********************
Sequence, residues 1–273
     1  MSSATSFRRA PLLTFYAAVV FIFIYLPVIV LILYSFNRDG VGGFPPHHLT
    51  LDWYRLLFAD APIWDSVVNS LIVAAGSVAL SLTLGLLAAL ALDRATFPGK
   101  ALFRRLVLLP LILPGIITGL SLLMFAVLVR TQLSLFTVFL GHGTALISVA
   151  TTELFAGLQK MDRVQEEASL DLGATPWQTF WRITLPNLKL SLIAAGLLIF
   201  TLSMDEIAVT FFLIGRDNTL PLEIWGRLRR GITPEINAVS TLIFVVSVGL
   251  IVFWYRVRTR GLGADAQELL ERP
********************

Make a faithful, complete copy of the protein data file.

Sequence, residues 1–273
     1  MSSATSFRRA PLLTFYAAVV FIFIYLPVIV LILYSFNRDG VGGFPPHHLT
    51  LDWYRLLFAD APIWDSVVNS LIVAAGSVAL SLTLGLLAAL ALDRATFPGK
   101  ALFRRLVLLP LILPGIITGL SLLMFAVLVR TQLSLFTVFL GHGTALISVA
   151  TTELFAGLQK MDRVQEEASL DLGATPWQTF WRITLPNLKL SLIAAGLLIF
   201  TLSMDEIAVT FFLIGRDNTL PLEIWGRLRR GITPEINAVS TLIFVVSVGL
   251  IVFWYRVRTR GLGADAQELL ERP